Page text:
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Wednesday, April 27, 2011

Storms, Trees, and Newspaper Articles

Today's Glasgow Daily Times has an excellent article about the recent storms and the problems they have caused us in dealing with the damage. While the article is completely accurate and true to what I said in the board meeting, I should have done a better job of explaining myself in that meeting. So, I am going to try that now.

The problematic part of my remarks related to downed conductors during storms. No matter what the tone of my remarks was in the meeting and in the article, the one thing that must be remembered is that any downed conductor should be treated as if it were energized and deadly. Although my remarks sounded fine to me as I said them (I'm sure this surprises no one), when I read them in the Glasgow Daily Times, they sounded terrible.

I was trying to explain the problems of having enough personnel to respond to the many calls about downed conductors during several days of intense storms. While it is true that we often can make a judgement about whether a conductor is energized or not from our dispatch center using our telemetry, we still want to get someone out to look at each of them before anyone touches, drives over, or comes near any downed conductor. The problem is, when we have thousands of folks without power and it is 2:00 a.m. and we have only a limited number of folks to respond, it is likely to take a while for us to get there to take a look at a downed conductor. Calling 911 instead of our number does not help the situation at all, it fact, it endangers folks who may have critical information to get to the emergency services folks.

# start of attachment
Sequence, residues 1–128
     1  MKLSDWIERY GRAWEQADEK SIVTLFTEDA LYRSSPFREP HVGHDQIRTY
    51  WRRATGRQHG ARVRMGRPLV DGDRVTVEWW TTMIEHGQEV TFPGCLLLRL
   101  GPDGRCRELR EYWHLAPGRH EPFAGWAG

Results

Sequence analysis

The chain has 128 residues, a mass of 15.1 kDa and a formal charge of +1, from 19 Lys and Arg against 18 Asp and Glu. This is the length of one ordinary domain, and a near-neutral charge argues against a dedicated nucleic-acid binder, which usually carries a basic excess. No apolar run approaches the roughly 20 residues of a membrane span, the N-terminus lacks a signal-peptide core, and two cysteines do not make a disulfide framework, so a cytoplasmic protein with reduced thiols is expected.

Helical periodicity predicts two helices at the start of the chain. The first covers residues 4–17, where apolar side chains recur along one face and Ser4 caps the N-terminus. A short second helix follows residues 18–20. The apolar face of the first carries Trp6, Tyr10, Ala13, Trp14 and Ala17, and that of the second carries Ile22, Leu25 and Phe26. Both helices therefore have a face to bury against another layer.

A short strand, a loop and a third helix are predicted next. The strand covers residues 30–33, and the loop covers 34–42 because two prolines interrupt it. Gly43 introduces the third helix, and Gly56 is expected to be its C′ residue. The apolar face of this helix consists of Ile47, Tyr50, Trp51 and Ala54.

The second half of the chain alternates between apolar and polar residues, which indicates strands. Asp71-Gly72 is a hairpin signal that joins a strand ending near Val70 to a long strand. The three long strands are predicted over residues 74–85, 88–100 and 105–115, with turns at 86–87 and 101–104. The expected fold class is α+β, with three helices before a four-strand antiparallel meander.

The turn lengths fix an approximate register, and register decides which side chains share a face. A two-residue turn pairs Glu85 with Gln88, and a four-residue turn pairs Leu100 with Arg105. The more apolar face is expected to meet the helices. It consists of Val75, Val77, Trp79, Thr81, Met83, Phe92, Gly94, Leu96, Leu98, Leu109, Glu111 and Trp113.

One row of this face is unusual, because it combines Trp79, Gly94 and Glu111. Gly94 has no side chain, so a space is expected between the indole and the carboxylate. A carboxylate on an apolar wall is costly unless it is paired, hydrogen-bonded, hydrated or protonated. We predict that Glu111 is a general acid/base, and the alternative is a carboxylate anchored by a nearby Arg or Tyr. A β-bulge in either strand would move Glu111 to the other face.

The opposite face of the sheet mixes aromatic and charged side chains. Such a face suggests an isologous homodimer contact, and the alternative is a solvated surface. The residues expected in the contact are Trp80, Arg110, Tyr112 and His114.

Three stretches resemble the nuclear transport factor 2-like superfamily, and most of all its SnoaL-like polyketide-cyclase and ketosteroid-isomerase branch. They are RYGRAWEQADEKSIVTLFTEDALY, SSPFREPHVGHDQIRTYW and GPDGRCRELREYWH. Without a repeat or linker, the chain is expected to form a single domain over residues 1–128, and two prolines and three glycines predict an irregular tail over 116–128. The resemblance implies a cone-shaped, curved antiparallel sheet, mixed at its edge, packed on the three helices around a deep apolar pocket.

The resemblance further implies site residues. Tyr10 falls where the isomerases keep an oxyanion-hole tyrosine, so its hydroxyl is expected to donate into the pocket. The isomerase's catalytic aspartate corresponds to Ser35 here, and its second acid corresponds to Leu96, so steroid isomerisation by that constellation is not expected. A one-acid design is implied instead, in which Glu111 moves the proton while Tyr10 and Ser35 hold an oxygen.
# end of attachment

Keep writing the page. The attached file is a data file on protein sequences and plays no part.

This line of intense, day-after-day weather taxes our team that is designed to be responsive to the sort of weather we get 98% of the time. The only message we meant to get out is that unusually violent weather can cause our response to take longer than usual and we all need to recognize that. But, even if you have to wait a while, treat all downed conductors as deadly energized hazards until someone from our team can arrive to survey the situation.

4 comments:

Jason said...

Your comments in the newspaper didn't sound that bad. I know this may sound so simple but why aren't electrical lines buried underground?

Billy Ray said...

What we felt bad about was the tone of my comments about downed lines. I did not want anyone to interpret my remarks as dismissing the danger of a downed power line.

The reason they are not underground is cost and complexity. Your electric bill would be roughly doubled to provide the necessary revenue to place facilities underground in the rocky environment of Barren County.

jwhite6069 said...

what would happen if the TVA's 161kva line that feeds Glasgow were to go down in a storm?

Billy Ray said...

Well it would depend on which line and which part of the 161 kV lines failed. Now Glasgow is served by two different lines so failure on either of them would be offset by the remaining line. Of course those two lines feed off of other lines in the TVA grid, and there are certain ways that segments of the grid could fail that would put Glasgow totally in the dark, just like many cities in Alabama are right now.